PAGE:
Wayne County officials said 149 COVID-19 cases were identified at the state's Neuse Correctional Institution in Goldsboro. The county did not specify how many inmates and staff members tested positive, but did add that all 700 inmates will be tested for the novel coronavirus, as well as any staff members that would like to be tested.
"This strategy is the result of a strong collaborative and coordinated effort between the Prisons Incident Command Team, the Department of Health and Human Services, the State Laboratory for Public Health, LabCorp and the Wayne County Health Department," Commissioner of Prisons Todd Ishee said in a written statement. "The outbreak at Neuse CI is no doubt a cause for concern but not for panic. We have medical protocols in place to handle this and frankly it is better to know up front what we are facing so we can do what is necessary to stop the spread."
Wayne County has reported at least 246 COVID-19 cases.
The Town of Cary has canceled all parks, recreation and cultural resources events through May 31. Full refunds will be issued for any registered camps, classes, facility reservations and ticketed events.
The North Carolina Department of Health and Human Services is now reporting 5,859 cases. That's an increase of 394 from Thursday. Deaths from the disease also increased, up 21 from Thursday, bringing the total to 152 in the state.
COVID-19 has now killed 152 North Carolinians in 23 days.
The health department reports that 429 patients are currently hospitalized.
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The Division of Employment Security (DES) has paid out more than $385 million to more than 211,000 people in North Carolina since March 15.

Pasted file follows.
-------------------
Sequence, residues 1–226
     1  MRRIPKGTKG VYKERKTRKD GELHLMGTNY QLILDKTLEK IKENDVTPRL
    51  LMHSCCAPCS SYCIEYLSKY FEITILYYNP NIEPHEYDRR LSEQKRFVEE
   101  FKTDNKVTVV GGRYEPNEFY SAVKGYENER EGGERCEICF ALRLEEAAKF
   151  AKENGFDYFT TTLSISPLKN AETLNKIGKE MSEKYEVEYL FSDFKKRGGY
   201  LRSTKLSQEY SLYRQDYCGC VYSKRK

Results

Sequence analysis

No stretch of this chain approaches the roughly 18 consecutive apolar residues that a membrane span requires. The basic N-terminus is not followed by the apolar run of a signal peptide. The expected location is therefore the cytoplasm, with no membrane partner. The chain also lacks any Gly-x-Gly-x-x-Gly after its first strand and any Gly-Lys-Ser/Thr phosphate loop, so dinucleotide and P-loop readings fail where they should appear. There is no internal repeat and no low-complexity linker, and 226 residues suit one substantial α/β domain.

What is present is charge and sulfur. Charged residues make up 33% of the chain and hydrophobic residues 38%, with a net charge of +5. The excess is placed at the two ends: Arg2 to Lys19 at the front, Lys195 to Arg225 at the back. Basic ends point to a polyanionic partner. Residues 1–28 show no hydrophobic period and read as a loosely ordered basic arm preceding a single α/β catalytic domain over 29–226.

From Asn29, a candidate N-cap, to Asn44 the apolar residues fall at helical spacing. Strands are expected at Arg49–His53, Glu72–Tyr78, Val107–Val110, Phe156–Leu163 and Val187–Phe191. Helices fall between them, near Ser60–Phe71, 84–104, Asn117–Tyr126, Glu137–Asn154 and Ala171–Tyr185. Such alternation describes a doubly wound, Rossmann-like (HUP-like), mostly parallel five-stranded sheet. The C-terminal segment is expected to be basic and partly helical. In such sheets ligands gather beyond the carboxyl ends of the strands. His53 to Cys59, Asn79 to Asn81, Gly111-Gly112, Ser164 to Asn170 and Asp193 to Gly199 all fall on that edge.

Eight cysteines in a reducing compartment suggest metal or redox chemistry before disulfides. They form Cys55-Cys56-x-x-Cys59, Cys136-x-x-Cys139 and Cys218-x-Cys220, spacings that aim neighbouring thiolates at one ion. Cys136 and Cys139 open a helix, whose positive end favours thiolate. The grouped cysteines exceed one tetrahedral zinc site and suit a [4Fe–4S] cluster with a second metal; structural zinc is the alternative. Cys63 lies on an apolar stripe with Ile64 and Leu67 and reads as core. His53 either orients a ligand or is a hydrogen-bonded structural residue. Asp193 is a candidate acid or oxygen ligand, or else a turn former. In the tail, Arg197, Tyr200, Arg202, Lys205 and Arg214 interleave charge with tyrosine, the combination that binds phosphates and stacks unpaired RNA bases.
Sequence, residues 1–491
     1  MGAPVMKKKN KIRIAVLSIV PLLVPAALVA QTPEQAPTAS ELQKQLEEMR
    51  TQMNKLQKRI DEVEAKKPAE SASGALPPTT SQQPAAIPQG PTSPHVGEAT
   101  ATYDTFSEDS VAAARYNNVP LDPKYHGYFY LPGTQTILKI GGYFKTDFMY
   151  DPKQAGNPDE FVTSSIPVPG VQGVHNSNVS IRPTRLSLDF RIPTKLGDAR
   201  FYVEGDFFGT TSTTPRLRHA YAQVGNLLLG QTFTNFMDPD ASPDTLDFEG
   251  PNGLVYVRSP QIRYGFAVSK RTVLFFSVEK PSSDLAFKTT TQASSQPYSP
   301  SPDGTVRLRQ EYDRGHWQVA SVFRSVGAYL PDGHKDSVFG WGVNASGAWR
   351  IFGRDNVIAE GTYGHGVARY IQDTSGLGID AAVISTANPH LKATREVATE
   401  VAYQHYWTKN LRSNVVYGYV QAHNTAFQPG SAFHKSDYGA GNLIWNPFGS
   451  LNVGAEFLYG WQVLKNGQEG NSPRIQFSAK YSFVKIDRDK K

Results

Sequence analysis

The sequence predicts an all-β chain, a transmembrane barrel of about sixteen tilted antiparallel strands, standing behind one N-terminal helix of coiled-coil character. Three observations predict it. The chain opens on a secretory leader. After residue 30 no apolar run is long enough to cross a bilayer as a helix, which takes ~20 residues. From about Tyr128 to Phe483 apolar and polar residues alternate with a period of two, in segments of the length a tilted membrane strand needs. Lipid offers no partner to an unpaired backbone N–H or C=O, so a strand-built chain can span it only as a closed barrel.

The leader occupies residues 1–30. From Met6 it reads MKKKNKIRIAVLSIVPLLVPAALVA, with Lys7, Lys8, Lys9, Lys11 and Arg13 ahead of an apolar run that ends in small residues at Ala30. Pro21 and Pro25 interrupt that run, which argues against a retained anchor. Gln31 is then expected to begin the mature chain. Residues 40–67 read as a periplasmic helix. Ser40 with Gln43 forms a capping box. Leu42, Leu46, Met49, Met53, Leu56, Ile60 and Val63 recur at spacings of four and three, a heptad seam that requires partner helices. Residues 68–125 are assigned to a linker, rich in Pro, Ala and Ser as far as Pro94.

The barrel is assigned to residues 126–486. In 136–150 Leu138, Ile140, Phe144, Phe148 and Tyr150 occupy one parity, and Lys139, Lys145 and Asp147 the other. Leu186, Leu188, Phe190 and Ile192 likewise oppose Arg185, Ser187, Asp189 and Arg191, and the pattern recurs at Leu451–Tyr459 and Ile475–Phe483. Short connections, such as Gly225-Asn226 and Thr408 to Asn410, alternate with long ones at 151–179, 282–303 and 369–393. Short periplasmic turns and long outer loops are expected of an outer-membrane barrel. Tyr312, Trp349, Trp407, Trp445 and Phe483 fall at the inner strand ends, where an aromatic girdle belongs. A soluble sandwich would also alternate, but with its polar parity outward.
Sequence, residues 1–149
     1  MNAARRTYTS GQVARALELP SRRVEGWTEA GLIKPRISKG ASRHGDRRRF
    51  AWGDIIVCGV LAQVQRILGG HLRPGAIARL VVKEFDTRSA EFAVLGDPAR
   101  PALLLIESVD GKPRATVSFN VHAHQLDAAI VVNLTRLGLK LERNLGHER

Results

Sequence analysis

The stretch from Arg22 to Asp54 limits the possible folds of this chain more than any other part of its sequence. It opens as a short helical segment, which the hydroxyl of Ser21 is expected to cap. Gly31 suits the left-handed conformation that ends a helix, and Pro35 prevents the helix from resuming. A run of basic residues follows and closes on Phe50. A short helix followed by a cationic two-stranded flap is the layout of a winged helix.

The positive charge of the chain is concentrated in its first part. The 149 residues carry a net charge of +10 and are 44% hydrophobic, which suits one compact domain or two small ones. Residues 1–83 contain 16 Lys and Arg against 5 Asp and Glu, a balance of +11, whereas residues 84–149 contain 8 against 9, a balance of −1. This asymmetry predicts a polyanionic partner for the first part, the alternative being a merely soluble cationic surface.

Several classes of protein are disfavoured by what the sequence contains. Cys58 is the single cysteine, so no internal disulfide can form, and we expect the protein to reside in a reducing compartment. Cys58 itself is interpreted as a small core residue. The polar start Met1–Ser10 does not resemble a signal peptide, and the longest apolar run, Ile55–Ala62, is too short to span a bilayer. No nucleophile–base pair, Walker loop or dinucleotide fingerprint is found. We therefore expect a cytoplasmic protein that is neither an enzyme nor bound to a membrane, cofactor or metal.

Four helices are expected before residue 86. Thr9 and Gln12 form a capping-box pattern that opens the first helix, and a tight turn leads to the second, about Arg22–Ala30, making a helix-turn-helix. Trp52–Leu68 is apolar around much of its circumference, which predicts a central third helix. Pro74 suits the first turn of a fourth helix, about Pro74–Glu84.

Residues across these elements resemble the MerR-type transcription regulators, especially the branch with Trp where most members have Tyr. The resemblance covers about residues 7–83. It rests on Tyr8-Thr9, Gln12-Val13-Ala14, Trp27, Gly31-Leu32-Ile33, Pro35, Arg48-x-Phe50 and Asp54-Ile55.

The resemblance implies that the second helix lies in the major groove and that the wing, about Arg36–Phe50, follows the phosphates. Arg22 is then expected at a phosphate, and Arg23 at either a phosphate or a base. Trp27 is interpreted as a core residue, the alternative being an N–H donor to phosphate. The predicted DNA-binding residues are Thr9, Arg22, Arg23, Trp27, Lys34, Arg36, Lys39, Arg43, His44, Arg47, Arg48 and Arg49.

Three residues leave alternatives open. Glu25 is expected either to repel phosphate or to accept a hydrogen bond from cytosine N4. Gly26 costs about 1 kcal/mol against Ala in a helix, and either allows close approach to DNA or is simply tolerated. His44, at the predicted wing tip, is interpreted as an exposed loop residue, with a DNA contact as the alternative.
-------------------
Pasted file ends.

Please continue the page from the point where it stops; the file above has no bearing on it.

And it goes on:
The group said 636,894 people have filed for unemployment since March 15, when coronavirus layoffs began. DES identified 551,261 of those unemployment claims to be COVID-19 related.
The highest single day of claims came in mid-March when 34,706 people filed. On April 16, the most recent complete day of numbers, 29,011 people filed.
DES plans to more than triple its original staffing to help respond to the surge in unemployment claims.
DES expects to have more than 1,600 people working to process claims and issue payments by the end of next week. The group was previously staffed with approximately 500 people. Since the start of COVID-19 furloughs, the department has added more than 400 people.
The group is planning to add 600 call center agents and 100 Division of Workforce Solutions staff over the next few days.
"This will be the largest number of people working to provide unemployment benefits in North Carolina's history," said Lockhart Taylor, assistant secretary of the Division of Employment Security. "We are prepared to take whatever steps we need to take to deliver the help North Carolinians need during these difficult times."
Updates about eligibility and how to apply for these benefits can be found on des.nc.gov.
Coronavirus travel restrictions in North Carolina are having an unintended consequence: seashells.
Beaches along the Outer Banks are seeing thousands of seashells wash ashore. Experts say the number of seashells arriving is not unusual, but without spring breakers there to pick them up and take them home, the shells are piling up.
Friday morning headlines
Gov. Roy Cooper is scheduled to give an update on the state's response at 2 p.m. You can watch on ABC11 and on the ABC11 website and Facebook page.
The U.S. has at least 671,425 diagnosed cases and at least 33,286 deaths, according to ABC News. More than 2.1 million people have been diagnosed worldwide.
Thursday, it was revealed that 5.2 million more people filed for unemployment amid mass layoffs from the virus. The North Carolina Department of Employment Security has paid more than $216 million in unemployment benefits to more than 185,000 North Carolinians.
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President Trump unveiled a three-step plan to reopen the economy but is directing state governors to decide when to reopen states. Gov. Cooper said the state still needs federal support for testing and personal protective equipment. The President's plan recommends the state see a two-week decline in cases before starting to ease the lockdowns.line in cases before starting to ease the lockdowns.